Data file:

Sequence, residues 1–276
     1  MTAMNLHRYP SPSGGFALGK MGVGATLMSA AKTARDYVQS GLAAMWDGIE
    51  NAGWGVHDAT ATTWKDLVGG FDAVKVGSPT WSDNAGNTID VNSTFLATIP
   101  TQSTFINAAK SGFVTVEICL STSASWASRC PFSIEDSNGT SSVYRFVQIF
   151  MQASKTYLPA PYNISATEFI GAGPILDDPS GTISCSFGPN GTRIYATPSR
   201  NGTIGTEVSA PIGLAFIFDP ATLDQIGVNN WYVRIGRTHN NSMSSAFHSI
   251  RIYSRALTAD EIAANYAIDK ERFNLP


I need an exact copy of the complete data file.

Sequence, residues 1–276
     1  MTAMNLHRYP SPSGGFALGK MGVGATLMSA AKTARDYVQS GLAAMWDGIE
    51  NAGWGVHDAT ATTWKDLVGG FDAVKVGSPT WSDNAGNTID VNSTFLATIP
   101  TQSTFINAAK SGFVTVEICL STSASWASRC PFSIEDSNGT SSVYRFVQIF
   151  MQASKTYLPA PYNISATEFI GAGPILDDPS GTISCSFGPN GTRIYATPSR
   201  NGTIGTEVSA PIGLAFIFDP ATLDQIGVNN WYVRIGRTHN NSMSSAFHSI
   251  RIYSRALTAD EIAANYAIDK ERFNLP